The brown bag lunch provided a unique opportunity for current students to get advice about potential career paths, to discuss optimizing the Biostatistics training, and also to strengthen ties with alumni. Stuart Baker was very helpful in providing descriptions of his work responsibilities in his job at NIH. The students attending the lunch were surprised to learn that Dr. Baker spends a much of his time conducting methodological research. He reported that a major advantage of a job in government, relative to academia, is that it is not necessary to obtain grants to fund research time. However, this has a drawback in that it makes it more difficult for a statistician to move from a government position to an academic one, in that government employees do not have a record of obtaining grants. They also rarely have teaching experience. On the other hand, going from academia to government is easier. Switching from a government position to an industry position is also very feasible.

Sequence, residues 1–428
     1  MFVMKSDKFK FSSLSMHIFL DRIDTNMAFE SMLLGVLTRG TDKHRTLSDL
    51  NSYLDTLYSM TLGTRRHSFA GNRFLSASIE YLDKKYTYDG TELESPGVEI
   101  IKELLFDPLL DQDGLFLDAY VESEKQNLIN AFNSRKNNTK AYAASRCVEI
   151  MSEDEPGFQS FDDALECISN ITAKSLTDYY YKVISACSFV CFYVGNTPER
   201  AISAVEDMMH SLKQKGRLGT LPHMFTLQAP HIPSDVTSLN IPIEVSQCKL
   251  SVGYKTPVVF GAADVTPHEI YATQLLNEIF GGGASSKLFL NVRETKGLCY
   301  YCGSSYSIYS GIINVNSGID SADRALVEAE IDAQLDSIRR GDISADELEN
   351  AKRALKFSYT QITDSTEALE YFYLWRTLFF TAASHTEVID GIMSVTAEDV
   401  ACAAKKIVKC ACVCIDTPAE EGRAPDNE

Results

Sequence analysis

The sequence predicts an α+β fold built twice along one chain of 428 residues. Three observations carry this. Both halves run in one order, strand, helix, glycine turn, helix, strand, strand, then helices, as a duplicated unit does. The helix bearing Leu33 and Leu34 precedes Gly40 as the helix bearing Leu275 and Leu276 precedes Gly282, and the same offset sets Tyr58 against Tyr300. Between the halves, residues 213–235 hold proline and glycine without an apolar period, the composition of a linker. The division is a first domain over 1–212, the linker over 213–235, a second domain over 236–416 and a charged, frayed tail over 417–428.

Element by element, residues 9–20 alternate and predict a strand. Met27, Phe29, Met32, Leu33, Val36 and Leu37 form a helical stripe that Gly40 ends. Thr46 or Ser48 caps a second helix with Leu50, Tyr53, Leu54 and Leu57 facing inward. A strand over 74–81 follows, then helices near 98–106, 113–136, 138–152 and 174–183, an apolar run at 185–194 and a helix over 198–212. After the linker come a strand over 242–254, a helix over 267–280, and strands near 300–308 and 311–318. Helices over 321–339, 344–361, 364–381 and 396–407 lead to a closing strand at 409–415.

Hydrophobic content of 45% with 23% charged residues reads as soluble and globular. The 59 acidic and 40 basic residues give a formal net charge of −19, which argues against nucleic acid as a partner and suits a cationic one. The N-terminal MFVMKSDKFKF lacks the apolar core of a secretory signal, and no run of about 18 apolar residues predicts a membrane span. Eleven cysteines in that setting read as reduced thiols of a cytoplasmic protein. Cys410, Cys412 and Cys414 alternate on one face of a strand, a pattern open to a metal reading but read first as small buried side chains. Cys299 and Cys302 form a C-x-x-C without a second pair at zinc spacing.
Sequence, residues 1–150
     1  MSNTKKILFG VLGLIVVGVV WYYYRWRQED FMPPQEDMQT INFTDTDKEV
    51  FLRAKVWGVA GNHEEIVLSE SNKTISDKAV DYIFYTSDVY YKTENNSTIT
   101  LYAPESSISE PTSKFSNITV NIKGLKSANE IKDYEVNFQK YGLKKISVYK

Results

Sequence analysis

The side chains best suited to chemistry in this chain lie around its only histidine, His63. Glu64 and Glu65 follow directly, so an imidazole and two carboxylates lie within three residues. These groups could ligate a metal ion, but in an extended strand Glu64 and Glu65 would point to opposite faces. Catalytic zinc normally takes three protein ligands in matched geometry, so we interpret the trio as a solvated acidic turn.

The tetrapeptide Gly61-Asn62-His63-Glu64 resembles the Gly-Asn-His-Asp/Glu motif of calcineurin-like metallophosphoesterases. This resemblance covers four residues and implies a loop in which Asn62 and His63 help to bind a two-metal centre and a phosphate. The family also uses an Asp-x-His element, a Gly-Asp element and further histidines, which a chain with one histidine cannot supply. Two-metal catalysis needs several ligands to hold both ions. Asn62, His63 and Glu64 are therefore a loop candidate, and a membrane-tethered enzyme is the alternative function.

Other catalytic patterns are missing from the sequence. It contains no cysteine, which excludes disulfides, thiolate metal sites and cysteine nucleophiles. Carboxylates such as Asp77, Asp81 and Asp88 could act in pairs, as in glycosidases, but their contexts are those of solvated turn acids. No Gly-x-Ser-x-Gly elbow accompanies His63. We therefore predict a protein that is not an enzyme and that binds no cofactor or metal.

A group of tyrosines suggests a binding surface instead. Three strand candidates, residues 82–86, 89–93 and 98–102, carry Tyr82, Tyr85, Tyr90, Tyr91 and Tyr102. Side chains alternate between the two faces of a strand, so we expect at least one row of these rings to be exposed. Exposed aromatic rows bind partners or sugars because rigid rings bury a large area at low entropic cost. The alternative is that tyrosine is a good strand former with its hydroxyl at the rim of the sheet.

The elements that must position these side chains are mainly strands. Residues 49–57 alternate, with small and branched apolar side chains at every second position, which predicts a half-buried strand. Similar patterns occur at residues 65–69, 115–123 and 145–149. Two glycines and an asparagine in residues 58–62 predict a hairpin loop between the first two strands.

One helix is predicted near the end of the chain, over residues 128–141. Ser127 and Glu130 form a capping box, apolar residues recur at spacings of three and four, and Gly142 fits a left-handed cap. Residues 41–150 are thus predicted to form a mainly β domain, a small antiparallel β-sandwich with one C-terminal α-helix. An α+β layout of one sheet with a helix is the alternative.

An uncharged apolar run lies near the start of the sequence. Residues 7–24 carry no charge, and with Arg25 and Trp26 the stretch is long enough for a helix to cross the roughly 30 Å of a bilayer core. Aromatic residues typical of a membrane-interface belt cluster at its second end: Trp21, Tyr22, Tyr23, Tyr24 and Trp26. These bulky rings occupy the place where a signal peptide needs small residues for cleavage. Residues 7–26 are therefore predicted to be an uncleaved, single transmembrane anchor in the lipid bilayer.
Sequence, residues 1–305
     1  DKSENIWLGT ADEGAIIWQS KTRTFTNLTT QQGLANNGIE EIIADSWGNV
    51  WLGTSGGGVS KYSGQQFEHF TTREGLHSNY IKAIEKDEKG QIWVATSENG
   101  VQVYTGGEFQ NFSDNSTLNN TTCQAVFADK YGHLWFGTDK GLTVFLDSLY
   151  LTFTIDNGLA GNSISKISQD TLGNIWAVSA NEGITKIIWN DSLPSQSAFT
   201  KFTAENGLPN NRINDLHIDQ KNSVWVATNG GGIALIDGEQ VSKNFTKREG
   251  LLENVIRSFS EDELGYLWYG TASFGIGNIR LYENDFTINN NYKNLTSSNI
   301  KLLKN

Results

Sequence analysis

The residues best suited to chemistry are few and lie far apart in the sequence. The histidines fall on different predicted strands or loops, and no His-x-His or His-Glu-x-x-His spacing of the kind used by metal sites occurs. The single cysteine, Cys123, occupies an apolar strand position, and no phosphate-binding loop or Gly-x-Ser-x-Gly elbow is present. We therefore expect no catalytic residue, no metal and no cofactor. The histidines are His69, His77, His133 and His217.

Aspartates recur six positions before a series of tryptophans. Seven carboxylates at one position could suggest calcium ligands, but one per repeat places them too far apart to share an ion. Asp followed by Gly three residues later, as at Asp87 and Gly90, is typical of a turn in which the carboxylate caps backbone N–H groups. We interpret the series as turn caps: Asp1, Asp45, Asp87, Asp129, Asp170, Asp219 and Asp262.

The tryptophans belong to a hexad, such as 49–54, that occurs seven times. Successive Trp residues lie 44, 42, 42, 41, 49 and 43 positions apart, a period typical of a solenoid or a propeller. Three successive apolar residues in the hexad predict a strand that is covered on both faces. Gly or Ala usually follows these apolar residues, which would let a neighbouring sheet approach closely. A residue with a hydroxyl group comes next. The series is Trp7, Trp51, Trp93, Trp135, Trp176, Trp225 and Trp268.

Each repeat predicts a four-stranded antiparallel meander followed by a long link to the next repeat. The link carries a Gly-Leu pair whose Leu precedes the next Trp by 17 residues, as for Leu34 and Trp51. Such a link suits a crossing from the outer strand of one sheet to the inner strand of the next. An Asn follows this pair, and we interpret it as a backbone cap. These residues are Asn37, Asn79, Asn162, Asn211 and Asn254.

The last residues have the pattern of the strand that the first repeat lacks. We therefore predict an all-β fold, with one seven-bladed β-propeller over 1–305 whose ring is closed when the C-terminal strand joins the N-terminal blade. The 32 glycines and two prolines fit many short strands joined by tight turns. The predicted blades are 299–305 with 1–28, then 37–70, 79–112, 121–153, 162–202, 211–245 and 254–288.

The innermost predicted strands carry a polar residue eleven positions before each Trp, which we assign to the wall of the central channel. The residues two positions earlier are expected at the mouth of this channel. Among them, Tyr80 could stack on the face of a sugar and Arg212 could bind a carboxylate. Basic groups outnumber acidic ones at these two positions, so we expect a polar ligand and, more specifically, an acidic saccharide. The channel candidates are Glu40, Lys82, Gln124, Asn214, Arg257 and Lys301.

Stuart is on the editorial board for the Journal of the National Cancer Institute and Statistics in Medicine, and provided guidance to students on the editorial process, reminding them that when they are attempting to publish thesis papers, they should realize that it is quite common for a paper to be rejected, and that it is important to keep re-submitting it and not be discouraged. He also recommended considering reviewer's comments, even if the paper has been rejected, and make the appropriate changes before submission to another journal.
Dr. Baker also discussed the coursework he had during his doctoral studies. The class he wished he had taken was Clinical Trials. He felt that just having a basic understanding of the clinical trial issues and analyses would have prepared him even better for his work at NCI. There is such a basic course, taught by Dr. Ware, and the new Sequential Analysis course provides a more statistically oriented approach to clinical trials, such as early-stopping rules.
The Distinguished Alum Award events provided a great opportunity for mentoring and networking among former and current students. Students were inspired by the discussion with this former graduate from our program who has managed his career as a statistician so well. Stuart's humility, humor and poise contributed a memorable Department of Biostatistics day.